In the most positive sense of the word Schweitzer was a dilettante (from the Italian dilettare = delight) who found in his music satisfaction, concentration, strength and joy and sought to communicate that, while today’s often “commercial” top virtuosos may merely experience recognition as a kind of reward for their ever increasing physical achievements. “They don’t carry the pieces in their heart, they carry them in their pocket”, as Arthur Rubinstein had once said.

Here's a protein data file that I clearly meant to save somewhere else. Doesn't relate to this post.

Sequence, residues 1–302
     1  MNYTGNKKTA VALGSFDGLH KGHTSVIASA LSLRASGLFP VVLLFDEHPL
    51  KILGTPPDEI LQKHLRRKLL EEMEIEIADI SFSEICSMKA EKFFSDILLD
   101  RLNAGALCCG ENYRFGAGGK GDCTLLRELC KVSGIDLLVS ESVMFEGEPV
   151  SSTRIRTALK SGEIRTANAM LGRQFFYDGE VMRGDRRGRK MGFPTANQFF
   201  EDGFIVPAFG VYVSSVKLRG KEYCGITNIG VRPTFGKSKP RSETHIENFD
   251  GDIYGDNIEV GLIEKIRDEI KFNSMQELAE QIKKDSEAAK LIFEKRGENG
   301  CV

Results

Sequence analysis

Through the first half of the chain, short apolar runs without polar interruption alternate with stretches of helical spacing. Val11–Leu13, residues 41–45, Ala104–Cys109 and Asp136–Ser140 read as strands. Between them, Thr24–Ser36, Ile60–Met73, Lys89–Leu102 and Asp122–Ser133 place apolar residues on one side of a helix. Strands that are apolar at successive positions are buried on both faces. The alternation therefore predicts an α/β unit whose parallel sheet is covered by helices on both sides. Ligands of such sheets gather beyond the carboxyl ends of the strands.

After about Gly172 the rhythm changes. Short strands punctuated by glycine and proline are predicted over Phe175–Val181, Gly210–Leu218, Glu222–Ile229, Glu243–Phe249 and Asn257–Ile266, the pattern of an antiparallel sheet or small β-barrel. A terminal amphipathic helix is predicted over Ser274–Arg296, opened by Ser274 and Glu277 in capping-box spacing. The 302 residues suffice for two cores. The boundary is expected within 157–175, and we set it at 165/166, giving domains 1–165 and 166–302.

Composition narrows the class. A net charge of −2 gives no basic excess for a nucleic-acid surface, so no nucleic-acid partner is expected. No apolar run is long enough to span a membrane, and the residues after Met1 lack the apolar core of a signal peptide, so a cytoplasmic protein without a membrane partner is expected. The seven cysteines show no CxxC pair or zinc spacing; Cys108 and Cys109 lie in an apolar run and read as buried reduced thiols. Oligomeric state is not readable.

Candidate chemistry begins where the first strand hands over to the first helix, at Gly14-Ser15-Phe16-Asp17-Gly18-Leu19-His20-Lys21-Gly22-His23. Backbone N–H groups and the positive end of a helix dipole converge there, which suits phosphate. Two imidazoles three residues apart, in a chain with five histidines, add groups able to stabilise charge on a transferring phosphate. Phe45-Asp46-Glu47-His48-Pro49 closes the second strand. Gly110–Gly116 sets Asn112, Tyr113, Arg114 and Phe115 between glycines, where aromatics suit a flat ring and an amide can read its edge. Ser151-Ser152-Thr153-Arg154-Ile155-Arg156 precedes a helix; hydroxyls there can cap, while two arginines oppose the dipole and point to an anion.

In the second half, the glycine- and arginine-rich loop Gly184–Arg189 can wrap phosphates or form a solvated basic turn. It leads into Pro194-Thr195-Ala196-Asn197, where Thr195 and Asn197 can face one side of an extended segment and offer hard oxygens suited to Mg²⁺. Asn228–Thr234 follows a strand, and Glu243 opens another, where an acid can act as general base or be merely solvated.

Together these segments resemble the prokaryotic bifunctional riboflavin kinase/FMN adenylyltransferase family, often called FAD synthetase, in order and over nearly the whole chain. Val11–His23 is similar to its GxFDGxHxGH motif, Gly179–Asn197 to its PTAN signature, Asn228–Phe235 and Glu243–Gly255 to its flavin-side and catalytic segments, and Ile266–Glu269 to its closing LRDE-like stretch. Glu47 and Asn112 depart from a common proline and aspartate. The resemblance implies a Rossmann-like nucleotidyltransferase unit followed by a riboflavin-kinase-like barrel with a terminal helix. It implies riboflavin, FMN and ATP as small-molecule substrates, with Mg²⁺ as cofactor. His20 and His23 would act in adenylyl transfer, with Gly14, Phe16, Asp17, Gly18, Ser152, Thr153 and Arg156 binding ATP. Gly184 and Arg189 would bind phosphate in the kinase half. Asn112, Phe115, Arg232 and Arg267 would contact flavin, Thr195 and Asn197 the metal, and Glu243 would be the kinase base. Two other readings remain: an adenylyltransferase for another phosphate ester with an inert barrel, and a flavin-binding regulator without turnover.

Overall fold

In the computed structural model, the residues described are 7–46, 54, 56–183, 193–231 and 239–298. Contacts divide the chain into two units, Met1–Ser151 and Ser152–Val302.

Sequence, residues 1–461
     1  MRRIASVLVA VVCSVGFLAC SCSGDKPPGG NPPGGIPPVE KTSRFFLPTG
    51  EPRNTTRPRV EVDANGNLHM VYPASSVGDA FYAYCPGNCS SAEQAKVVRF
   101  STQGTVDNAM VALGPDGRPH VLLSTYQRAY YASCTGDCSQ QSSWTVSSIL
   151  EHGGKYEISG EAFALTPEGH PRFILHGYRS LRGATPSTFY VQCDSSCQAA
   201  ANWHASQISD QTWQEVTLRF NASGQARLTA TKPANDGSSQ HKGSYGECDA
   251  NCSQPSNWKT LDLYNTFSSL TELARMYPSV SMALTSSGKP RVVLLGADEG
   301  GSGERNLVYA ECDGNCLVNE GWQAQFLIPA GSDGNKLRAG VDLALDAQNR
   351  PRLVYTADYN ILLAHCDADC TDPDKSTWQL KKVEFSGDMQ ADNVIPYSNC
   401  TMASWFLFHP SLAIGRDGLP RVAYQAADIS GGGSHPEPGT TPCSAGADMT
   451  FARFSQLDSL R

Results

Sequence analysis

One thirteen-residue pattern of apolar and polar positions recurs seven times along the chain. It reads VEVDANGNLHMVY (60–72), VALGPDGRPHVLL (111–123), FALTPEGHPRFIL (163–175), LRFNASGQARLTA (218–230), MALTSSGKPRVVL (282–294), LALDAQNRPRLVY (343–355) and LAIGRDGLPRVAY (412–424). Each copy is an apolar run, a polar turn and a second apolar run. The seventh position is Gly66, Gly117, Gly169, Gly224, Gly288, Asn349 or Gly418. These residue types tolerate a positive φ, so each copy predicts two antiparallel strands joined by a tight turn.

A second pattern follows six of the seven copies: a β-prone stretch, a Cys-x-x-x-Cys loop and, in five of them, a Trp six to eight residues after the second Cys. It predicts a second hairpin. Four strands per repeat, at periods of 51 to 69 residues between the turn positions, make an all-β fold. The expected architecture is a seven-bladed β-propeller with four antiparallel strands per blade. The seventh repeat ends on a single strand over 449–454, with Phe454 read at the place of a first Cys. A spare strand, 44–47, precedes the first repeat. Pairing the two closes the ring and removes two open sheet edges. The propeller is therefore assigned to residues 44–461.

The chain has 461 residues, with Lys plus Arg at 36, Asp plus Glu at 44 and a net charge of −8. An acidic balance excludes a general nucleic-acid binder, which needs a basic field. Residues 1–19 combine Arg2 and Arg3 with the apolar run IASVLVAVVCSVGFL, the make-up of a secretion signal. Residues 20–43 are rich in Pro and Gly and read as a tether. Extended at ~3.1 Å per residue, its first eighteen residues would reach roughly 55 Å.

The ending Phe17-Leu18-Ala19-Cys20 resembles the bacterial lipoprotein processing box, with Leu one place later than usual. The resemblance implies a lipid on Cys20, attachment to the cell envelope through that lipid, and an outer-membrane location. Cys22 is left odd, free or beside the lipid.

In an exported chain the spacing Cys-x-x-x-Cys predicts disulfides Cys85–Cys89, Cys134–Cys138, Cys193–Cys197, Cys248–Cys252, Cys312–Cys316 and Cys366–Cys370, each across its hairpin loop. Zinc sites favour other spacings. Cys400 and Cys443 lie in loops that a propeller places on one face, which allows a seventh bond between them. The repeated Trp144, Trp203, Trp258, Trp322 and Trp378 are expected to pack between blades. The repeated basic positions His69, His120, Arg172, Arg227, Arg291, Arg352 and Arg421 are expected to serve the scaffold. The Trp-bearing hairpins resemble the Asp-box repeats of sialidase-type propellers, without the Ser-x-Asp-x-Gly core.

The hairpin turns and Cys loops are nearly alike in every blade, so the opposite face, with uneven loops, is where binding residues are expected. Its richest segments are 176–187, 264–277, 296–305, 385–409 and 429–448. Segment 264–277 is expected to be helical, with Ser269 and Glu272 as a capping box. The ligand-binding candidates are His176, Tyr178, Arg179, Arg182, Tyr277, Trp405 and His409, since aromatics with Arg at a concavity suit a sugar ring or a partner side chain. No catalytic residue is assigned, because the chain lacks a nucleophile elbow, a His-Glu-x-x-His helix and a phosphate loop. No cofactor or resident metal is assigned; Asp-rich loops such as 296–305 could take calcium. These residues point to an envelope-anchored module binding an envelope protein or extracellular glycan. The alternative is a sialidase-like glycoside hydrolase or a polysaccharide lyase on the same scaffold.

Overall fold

Facing this spirit is the root of the problem for today’s organ virtuoso if he is confronted with the organist Schweitzer, even if (or because!) his technique is a hundred times better than Schweitzer’s. Nowadays, technique is, to a high degree, a given conditio sine qua non which is often used to hush up artistic shortcomings. It is often a question of the interpreter’s personality if he chooses to subject his technique to the musical idea or if he prefers to display a breathtaking demonstration of the acrobatic skills of his fingers and feet. Here, Schweitzer is a challenge to the “brainless key-pushers, heartless speed-players and arrogant pseudo-historians” (Hermann J. Busch in a review in “Ars Organi”, issue 56, June 1978, p. 375).